Mark 6:53–7:13 53 When they had crossed over, they came to land at Gennesaret and moored to the shore. 54 And when they got out of the boat, the people immediately recognized him 55 and ran about the whole region and began to bring the sick people on their beds to wherever they heard he was. 56 And wherever he came, in villages, cities, or countryside, they laid the sick in the marketplaces and implored him that they might touch even the fringe of his garment. And as many as touched it were made well.
7 Now when the Pharisees gathered to him, with some of the scribes who had come from Jerusalem, 2 they saw that some of his disciples ate with hands that were defiled, that is, unwashed. 3 (For the Pharisees and all the Jews do not eat unless they wash their hands properly, holding to the tradition of the elders, 4 and when they come from the marketplace, they do not eat unless they wash. And there are many other traditions that they observe, such as the washing of cups and pots and copper vessels and dining couches.) 5 And the Pharisees and the scribes asked him, “Why do your disciples not walk according to the tradition of the elders, but eat with defiled hands?” 6 And he said to them, “Well did Isaiah prophesy of you hypocrites, as it is written,
“‘This people honors me with their lips,
but their heart is far from me;
7 in vain do they worship me,
teaching as doctrines the commandments of men.’
8 You leave the commandment of God and hold to the tradition of men.”
9 And he said to them, “You have a fine way of rejecting the commandment of God in order to establish your tradition! 10 For Moses said, ‘Honor your father and your mother’; and, ‘Whoever reviles father or mother must surely die.’ 11 But you say, ‘If a man tells his father or his mother, “Whatever you would have gained from me is Corban”’ (that is, given to God)— 12 then you no longer permit him to do anything for his father or mother, 13 thus making void the word of God by your tradition that you have handed down. And many such things you do.”
The Holy Bible, English Standard Version Copyright © 2001 by Crossway Bibles, a publishing ministry of Good News Publishers.
1. Study through Mark 6:53–7:13 together. What stands out to you and why?
2. Why does it seem Jesus is upset with these Pharisees and Sadducees? What things have you seen in the church today that may be close to what these men were doing? What things in your own life have you done or are you maybe doing now that actually contradict the Bible?
If we are not expecting the Bible to contradict us—not expecting it to reveal where we are thinking, feeling, or living wrongly—then we are operating under this false notion that we are already perfect or have already arrived. Worse yet, we may be subconsciously expecting God Himself to conform to us.
3. Do you agree with this? Why or why not? What areas of your life have you at some time realized were in contradiction with the Bible?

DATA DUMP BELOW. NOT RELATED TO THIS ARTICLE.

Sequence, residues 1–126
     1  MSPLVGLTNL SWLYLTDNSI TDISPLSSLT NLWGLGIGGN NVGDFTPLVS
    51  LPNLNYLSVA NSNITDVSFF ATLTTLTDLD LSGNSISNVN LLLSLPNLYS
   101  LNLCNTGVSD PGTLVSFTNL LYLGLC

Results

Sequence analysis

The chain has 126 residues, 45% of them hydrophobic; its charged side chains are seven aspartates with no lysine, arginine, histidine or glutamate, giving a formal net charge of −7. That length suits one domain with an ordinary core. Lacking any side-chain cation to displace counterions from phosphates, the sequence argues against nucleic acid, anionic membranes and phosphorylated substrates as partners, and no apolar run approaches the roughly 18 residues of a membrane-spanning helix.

Jesus’ thoughts were mastered by the Bible.
One commentator notes that, “Whenever He had a problem, an issue, a question, some intellectual issue or ethical issue, the final word for Jesus was gegraptai” (which means “it is written”). He says this no less than 20 times in the gospel accounts and even here in verse 6. When He’s tempted by Satan in Matthew 4, teaching the crowds about His divinity in John 10, and when He clears the Temple in Luke 19 He says the same thing: “it is written.”
Jesus’ actions were mastered by the Bible.
Why did He not accept this tradition of Corban as these people practiced it? Because He was committed to acting rightly, according to what the Bible says. When Peter cuts the ear off of one of the guys coming to arrest Him, what does Jesus do? “Do you think that I cannot appeal to my Father, and he will at once send me more than twelve legions of angels? But how then should the Scriptures be fulfilled?” (Matthew 26:53-54).
Jesus’ emotions were mastered by the Bible.
When Jesus was freshly scourged, having his flesh ripped from his body, He’s on his way to where He would be crucified and sees woman following him weeping. Turning back to them, what does He say? He quotes Isaiah! When He’s on the cross, in excruciating pain, not just physically but spiritually paying for sin, what comes out? He quotes Psalm 22, “My God, My God why have you forsaken me?” When He’s finally about to die, what comes out? Psalm 31, “Into your hands I commit my spirit”
4. Which of these most stands out to you and why? Taking our cue from Jesus, how can we make sure we are being intentional at letting the Bible master us?
The only way we’re going to be mastered by the Bible is if we are first mastered by the one to which the entire Bible points. Adam disobeyed the Father about the tree of life and brought death, but Jesus obeyed the Father about the tree of death and brought life. Abraham was sent by God the Father into a far country to start a people for God, but Jesus was sent by God the Father to even farther country to start an even greater people for God. Moses lead the people of God out of slavery in Egypt into the promised land, but Jesus is leading the people of God out of slavery to sin and death into the true promised land. David defeated the Giant, Goliath, with a few stones, but Jesus defeated the true Giants—Satan, sin, and death—with a few nails. The people of God reaped the benefits of David’s victory and so do we, in an even greater way, with Jesus. Jonah was in the belly of the fish for three days, got out, preached repentance, and thousands of people were saved. Jesus was in the belly of the earth for three days, got out, preached repentance, and billions of people were saved. Look to Jesus, true and better in every way, and by God’s grace you will be mastered.
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